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Friday, September 21, 2007

VIDEO: Citizens arrested in D.C. for reading the Constitution

I was going to preface this with some commentary. Then I decided that this is something that would be better for you to watch and decide for yourself whether this is right or wrong.


Anonymous said...

This is a tough one. On the one hand, the video starts *after* the alleged offense, so technically, we simply don't have enough information about what happened.

Don't get me wrong, the way things are going, I wouldn't put it past the government or police to shut down peaceful protests, especially in D.C., and especially since it's been done before. But, the bottom line is, the video doesn't show what happened.

On the other hand, if that last guy in the black T-shirt was being truthful, it sounds like it was a peaceful anti-war protest and that they were probably arrested because their protest was inconvenient to the government officials who were giving their pro-war speeches. If true, that could be bad depending on the exact circumstances.

As far as the police not making comments, that's half and half too. I doubt the police have a legal obligation to tell the random pedestrian with a camera why someone else is getting arrested. *But*, they *do* (or at least should) have a legal obligation to tell the people getting arrested why they're getting arrested.

The government officials probably made arrangements to use that particular space at a particular time, and as Americans, they have a right to speak too. So, how is this for a compromise...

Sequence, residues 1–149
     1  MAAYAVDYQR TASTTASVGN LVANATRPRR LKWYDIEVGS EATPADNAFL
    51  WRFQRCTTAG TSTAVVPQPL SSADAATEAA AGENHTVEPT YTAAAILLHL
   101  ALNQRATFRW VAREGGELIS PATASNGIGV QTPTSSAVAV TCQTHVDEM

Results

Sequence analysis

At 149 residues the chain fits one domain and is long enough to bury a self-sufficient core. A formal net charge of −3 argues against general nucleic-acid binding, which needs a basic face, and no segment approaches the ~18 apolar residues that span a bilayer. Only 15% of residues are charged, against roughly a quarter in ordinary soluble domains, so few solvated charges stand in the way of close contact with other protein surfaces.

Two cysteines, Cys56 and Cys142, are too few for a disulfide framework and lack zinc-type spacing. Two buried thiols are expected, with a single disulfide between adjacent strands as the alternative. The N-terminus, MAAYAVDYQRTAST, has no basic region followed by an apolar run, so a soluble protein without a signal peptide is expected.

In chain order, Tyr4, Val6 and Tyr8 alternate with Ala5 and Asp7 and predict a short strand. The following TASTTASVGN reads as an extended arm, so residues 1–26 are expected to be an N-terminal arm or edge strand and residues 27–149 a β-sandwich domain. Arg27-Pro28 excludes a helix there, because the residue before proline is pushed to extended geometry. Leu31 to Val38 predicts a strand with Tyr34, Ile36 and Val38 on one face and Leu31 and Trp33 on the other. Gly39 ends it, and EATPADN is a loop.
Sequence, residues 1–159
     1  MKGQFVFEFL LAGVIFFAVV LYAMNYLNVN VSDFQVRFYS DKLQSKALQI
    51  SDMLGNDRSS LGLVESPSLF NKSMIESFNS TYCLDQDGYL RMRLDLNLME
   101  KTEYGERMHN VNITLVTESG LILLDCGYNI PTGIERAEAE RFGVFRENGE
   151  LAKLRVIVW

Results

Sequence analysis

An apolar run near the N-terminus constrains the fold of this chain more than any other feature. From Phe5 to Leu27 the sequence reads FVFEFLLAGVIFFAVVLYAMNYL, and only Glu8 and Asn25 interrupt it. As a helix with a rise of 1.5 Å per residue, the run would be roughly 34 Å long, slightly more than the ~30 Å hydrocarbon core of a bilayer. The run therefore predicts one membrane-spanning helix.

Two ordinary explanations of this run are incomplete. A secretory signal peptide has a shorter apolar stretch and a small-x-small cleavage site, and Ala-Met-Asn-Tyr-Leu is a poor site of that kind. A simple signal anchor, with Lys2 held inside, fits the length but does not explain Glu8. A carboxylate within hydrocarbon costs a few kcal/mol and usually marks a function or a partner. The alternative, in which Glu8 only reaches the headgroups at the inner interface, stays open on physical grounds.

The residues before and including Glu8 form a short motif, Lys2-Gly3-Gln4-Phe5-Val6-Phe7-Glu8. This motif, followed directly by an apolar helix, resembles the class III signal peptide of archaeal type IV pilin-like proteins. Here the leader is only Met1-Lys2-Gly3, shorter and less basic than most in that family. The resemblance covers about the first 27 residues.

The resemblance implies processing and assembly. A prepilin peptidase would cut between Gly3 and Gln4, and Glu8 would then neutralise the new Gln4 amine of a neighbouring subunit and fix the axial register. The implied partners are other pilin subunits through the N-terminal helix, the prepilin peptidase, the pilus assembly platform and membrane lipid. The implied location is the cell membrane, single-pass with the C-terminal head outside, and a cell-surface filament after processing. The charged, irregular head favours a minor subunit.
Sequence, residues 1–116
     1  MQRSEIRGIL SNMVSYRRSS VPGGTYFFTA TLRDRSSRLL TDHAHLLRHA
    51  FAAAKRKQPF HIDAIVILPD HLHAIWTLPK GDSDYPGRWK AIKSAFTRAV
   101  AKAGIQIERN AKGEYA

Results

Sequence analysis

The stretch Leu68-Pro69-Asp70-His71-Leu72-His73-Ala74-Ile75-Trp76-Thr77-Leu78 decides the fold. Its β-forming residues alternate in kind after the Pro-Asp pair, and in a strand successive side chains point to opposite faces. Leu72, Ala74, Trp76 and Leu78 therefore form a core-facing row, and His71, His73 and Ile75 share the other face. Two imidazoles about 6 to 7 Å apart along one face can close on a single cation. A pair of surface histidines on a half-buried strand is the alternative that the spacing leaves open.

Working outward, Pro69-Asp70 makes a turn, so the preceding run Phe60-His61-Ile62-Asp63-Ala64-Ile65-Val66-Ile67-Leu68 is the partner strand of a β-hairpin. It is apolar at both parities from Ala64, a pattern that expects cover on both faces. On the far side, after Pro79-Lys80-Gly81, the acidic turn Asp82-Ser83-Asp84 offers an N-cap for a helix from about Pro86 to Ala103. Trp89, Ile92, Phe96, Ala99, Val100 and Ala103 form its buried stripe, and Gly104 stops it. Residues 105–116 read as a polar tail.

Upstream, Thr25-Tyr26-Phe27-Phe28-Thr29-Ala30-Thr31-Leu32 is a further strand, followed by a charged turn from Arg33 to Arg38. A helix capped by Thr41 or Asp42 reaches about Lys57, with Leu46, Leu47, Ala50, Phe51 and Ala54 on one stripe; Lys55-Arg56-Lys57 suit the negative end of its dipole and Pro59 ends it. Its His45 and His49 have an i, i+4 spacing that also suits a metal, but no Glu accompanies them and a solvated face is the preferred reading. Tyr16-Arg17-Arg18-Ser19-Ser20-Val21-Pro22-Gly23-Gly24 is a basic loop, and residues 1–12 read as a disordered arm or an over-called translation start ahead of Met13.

The pro-war government officials should have made arrangements for the protesters to use the space, the stage if there was one, any audio/video equipment, etc., to make their own statements *after* the officials were done having their word--with the police standing by to *protect the peace* of *everyone* involved rather than just arresting people for being rude and interrupting. That way, everyone gets to have their say, uncensored and uninterrupted.

If fact, as Americans with free speech, I think that's the way all public venues like this should go. If a senator, congressperson, presidential candidate, etc. can have the connections to make a public speech on tax-payers' money, I doubt it would cost too much more for them to allow any space and/or audio equipment for an equal amount of time for citizens to give their viewpoints after the officials are done. That way, no one is interrupting someone else or wasting the time of someone who made arrangements to use a location or equipment.

To me, this is a reasonable compromise, because if everyone has the right to speak, then interrupting someone while they're speaking is hindering their rights too.

I'd even think that a presidential candidate would gain points if he made similar free-speech arrangements at every stop along his campaign trail.

Granted, that's an ideal situation, and life is never ideal. That's why I don't 100% blame the police for doing what they did. **If** the protesters were being sufficiently disruptive enough, the police were probably forced to do what they did to protect the peace (notice, they didn't arrest eveyone who was protesting).

On the other hand, if the protesters feel they don't have a significant enough venue to express their views, they probably feel forced to be rude and interrupt someone else's speech or not get heard at all.

I don't feel the protesters were arrested for reading the Constitution but for disrupting the peace. So, the real legal questions at hand are: (1) Just how disruptive were they being, enough to actually get arrested??? (quite possibly not), (2) Just how quick were government officials and/or police to shutting down the protest, because as long as it's peaceful, giving them a few minutes couldn't hurt (but, shut them down immediately, and sure, we're heading toward police state).

Again, it's hard to tell just from the video shown who deserved what.

Any chance you know... Does D.C. or any other major U.S. city have a "Speaker's Corner" like London, UK, does? It's been about 12 years since I was in London, so for all I know, London doesn't even have it any more.